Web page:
- Universita' di Verona
Tuesday, March 9, 2004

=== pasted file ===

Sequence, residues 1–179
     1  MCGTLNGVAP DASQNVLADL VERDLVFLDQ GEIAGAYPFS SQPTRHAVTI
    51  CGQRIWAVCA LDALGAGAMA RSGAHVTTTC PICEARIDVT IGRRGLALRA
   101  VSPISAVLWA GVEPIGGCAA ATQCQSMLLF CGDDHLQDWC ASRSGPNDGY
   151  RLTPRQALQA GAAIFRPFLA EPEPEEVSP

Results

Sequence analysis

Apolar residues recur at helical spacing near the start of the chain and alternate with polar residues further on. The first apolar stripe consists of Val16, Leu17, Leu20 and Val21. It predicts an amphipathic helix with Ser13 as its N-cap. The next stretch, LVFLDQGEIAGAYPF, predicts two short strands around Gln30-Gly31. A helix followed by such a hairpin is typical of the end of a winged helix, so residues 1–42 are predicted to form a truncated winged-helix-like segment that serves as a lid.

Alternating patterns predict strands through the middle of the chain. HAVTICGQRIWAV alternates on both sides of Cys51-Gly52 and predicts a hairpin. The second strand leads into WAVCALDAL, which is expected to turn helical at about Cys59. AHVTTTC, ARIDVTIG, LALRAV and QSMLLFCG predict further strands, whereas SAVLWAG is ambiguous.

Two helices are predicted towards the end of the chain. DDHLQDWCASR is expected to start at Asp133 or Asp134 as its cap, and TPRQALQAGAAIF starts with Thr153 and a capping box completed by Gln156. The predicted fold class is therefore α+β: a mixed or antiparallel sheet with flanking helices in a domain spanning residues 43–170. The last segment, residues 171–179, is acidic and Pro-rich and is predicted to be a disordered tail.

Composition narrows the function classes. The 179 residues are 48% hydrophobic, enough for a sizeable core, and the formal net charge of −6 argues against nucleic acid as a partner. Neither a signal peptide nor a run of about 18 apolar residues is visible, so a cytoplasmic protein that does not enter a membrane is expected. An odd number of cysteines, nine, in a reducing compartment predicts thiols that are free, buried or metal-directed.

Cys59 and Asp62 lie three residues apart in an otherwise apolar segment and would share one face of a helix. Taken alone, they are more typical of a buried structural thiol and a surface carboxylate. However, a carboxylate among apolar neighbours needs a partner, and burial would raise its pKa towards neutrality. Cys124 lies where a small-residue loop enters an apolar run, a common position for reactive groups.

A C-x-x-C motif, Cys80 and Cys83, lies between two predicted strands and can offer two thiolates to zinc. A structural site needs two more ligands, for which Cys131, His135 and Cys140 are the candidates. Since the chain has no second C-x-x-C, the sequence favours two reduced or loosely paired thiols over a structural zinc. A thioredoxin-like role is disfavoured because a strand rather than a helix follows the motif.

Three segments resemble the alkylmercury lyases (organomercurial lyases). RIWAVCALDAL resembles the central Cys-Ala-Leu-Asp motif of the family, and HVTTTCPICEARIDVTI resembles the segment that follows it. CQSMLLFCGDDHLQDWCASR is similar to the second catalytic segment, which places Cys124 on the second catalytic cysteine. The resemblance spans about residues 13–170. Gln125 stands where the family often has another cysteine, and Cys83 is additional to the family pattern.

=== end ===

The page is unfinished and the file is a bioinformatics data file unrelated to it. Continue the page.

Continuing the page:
We generalize the notion of non-interference making it parametric relatively to what an attacker can analyze about the input/output information flow. The idea is to consider attackers as data-flow analyzers, whose task is to reveal properties of confidential resources by analyzing public ones. This means that no unauthorized flow of information is possible from confidential to public data, relatively to the degree of precision of an attacker. In this way we make the security degree a program a property of its semantics. We introduce systematic methods for extracting attackers from programs, providing domain-theoretic characterizations of the most precise attackers which cannot violate the security of a given program. These methods allow us both to compare attackers and program secrecy by comparing the corresponding abstractions in the lattice of abstract interpretations, and to design automatic program certification tools for language-based security by abstract interpretation. Moreover we introduce a compositional proof-system for certifying abstract non-interference in programming languages. Assertions specify the secrecy of a program relatively to the given attacker and the proof-system specifies how these assertions can be composed in a syntax-directed a la Hoare deduction of secrecy. We prove that the proof-system is sound relatively to the standard semantics of an imperative programming language with non-deterministic choice.